Valosin-containing protein (VCP), together with several partner proteins, extracts ubiquitinated client proteins from E3 ligase complex and facilitates their degradation through ubiquitin–proteasome system. Therefore, it plays an important role in regulating protein quality control and various cellular pathways. Recent studies also identified VCP as a lineage-specific essential gene in ovarian cancer. An orally bioavailable VCP inhibitor, CB-5083, is currently in Phase I clinical trials because it shows therapeutic effects in multiple tumor xenograft models. However, the mechanism of resistance to CB-5083 is unknown. Here, we characterized molecular mechanism of resistance to CB-5083. Using incremental exposure to CB-5083, we established CB-5083-resistant ovarian cancer cells that showed five- to six-fold resistance in vitro compared with parental cells. Genomic and complementary DNA sequencing of the VCP coding region revealed a pattern of co-selected mutations: (1) missense mutations at codon 470 in one copy resulting in increased ATPase activity and (2) nonsense or frameshift mutations at codon 606 or codon 616 in another copy causing the loss of allele-specific expression. Unbiased molecular docking studies showed codon 470 as a putative binding site for CB-5083. Furthermore, the analysis of somatic mutations in cancer genomes from the Cancer Genome Atlas (TCGA) indicated that codon 616 contains hotspot mutations in VCP. Thus, identification of these mutations associated with in vitro resistance to VCP inhibitors may be useful as potential theranostic markers while screening for patients to enroll in clinical trials. VCP has emerged as a viable therapeutic target for several cancer types, and therefore targeting such hyperactive VCP mutants should aid in improving the therapeutic outcome in cancer patients.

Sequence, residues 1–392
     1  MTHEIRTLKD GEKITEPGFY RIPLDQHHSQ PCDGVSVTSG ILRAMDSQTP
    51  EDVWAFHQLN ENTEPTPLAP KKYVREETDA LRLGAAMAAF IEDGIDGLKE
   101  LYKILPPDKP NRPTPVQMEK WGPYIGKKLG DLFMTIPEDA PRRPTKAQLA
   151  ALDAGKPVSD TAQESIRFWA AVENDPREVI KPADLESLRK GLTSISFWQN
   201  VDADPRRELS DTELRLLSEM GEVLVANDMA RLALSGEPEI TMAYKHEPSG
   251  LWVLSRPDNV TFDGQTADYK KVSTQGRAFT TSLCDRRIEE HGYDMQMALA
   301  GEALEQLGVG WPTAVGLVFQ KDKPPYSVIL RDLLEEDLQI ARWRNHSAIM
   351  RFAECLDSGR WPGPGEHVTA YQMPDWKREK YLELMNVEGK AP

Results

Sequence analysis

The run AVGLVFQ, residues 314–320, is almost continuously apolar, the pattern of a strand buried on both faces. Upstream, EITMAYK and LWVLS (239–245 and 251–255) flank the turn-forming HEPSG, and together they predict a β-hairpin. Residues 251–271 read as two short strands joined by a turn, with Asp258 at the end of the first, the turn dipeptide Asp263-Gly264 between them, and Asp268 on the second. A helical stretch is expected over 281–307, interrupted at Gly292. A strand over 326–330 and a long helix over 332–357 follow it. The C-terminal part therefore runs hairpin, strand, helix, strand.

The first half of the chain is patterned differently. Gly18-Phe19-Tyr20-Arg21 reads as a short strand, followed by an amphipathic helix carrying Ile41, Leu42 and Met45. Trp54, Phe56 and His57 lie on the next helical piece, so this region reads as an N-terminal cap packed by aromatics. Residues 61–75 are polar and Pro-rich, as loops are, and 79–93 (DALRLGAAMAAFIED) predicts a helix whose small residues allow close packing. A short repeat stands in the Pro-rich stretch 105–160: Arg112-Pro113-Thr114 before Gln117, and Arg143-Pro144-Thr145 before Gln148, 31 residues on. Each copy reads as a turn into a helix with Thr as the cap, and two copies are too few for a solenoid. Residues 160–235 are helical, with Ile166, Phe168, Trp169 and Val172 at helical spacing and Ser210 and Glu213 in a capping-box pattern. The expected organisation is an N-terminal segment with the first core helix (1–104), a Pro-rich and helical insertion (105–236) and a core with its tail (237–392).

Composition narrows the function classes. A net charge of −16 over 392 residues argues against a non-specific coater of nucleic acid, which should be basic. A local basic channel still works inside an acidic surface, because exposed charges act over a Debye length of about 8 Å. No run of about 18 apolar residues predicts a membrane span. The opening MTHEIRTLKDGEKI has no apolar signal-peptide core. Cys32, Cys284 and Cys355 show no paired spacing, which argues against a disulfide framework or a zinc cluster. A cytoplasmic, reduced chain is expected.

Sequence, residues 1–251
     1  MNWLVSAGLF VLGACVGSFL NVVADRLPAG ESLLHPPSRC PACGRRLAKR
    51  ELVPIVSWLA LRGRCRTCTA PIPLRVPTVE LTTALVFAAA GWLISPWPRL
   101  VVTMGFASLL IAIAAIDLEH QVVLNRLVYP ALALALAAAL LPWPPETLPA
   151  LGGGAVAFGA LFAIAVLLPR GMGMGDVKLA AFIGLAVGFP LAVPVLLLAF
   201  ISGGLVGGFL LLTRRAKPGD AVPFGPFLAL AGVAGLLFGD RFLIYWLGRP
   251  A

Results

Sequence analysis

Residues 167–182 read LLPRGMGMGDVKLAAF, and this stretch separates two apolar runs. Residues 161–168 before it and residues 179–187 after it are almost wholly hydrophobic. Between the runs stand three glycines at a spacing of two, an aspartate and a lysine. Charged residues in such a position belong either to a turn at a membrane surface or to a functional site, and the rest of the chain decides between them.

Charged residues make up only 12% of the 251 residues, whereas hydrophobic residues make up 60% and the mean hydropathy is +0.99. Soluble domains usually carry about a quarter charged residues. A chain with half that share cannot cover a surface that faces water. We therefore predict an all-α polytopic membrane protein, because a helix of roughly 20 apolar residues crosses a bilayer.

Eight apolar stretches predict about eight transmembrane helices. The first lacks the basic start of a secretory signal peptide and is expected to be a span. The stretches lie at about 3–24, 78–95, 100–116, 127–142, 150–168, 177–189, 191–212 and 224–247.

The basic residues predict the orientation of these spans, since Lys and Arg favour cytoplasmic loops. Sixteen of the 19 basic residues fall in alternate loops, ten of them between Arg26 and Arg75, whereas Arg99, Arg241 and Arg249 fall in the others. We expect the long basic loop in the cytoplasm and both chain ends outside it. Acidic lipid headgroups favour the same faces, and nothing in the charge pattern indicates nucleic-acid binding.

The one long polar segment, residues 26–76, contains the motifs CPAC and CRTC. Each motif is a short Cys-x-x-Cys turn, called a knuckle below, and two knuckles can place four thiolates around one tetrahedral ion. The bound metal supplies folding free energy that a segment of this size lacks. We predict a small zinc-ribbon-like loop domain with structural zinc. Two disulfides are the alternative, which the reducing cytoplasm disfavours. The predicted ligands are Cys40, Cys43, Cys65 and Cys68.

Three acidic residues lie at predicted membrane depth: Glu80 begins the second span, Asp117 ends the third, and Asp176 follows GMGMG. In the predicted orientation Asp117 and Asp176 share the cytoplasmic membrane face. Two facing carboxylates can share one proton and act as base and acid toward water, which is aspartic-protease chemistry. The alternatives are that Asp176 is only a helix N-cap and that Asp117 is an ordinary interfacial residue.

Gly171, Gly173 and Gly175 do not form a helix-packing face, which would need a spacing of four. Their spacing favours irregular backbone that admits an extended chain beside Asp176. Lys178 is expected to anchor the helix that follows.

ASJC Scopus subject areas
- Cellular and Molecular Neuroscience
- Cell Biology
- Cancer Research